The right to truth and the culture of human rights : the right to historical truth with a focus on the right to education

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Rikka, Mariann
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In the light of the more and more acute duty to remember‘ concerning the past crimes against humanity, the importance of historical consciousness in individual and collective national identity, a re-grown role of propaganda for manipulating public opinion for legitimizing political interests, and the significant influence of such legitimizing on international security, this thesis explores the limits of state‘s activities in creating its national identity. Based on the right of the individual to his/her personal identity, obligations of states in creating the culture of human rights, and the concept of the right to truth, this thesis concludes that individuals and collectives have a right to truth about the crimes against humanity. Such truth forms a part of the history of humanity. Guaranteeing a possibility for the seeking and free dissemination of the truth about them constitutes a minimal moral-legal obligation of the states and educators towards humanity, towards the creation of the culture of human rights. As for the practical application of the right to truth in a concrete field of life, education as the very basic and influential state controlled medium for identity creation, and history education specifically, is taken under observation. This thesis discusses the application and resemblance of the right to truth in education and the historical truth in history education. It concludes that the right to truth applies in the context of education, deriving specifically and relatedly to the culture of human rights also from the right to education itself. The specific characteristics and purposes of history education make the search for historical truth central in the process. As for the thematic example, the dealing with Nazi and Communist crimes in the common European memory‘ project is examined.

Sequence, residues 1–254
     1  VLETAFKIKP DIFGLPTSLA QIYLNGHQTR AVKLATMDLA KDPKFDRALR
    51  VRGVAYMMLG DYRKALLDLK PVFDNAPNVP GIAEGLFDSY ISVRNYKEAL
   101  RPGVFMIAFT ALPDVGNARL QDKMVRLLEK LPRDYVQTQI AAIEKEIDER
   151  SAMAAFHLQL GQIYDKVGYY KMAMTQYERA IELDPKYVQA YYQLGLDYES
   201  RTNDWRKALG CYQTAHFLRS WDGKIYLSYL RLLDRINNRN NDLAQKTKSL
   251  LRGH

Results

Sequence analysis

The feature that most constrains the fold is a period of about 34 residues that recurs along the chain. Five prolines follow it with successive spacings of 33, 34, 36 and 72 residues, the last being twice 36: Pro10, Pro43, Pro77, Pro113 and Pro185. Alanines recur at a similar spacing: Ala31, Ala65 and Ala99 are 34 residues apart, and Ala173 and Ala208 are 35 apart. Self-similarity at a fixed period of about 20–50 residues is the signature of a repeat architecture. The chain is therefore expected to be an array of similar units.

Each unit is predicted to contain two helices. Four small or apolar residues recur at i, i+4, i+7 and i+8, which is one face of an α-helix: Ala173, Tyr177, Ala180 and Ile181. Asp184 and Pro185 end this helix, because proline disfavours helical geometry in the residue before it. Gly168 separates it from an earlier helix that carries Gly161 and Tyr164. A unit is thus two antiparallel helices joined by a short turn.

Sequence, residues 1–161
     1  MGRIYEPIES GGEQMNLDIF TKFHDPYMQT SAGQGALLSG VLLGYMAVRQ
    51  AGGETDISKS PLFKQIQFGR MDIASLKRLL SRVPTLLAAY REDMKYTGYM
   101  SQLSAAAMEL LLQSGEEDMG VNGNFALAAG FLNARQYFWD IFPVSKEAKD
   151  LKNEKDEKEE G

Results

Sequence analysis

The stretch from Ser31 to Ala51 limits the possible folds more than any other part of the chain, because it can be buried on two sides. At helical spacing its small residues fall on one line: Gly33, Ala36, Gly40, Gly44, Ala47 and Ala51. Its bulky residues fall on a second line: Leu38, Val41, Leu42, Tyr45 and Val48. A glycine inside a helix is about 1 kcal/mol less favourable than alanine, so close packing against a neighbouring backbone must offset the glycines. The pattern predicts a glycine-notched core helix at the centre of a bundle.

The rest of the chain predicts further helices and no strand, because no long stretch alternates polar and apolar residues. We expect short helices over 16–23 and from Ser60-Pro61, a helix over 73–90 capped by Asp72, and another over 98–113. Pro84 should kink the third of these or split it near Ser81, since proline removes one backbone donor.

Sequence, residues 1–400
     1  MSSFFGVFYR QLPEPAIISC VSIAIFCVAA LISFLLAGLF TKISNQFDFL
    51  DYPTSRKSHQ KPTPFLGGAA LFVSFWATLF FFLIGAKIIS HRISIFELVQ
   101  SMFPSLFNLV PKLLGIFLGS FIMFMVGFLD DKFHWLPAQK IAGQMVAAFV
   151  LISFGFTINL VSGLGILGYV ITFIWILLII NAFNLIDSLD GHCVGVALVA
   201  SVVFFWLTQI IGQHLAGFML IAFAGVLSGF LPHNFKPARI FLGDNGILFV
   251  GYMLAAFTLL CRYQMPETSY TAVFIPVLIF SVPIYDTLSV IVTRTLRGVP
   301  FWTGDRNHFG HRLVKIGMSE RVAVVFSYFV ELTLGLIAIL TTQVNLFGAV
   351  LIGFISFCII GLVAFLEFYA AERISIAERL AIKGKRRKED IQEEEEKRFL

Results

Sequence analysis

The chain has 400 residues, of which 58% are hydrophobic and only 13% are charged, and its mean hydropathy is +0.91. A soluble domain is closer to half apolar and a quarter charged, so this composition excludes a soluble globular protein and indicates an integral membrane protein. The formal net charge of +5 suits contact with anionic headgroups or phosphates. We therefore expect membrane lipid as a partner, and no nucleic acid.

Second semester University: University of Helsinki.
collective identity, crimes against humanity, history, human rights, memory, national identity, right to education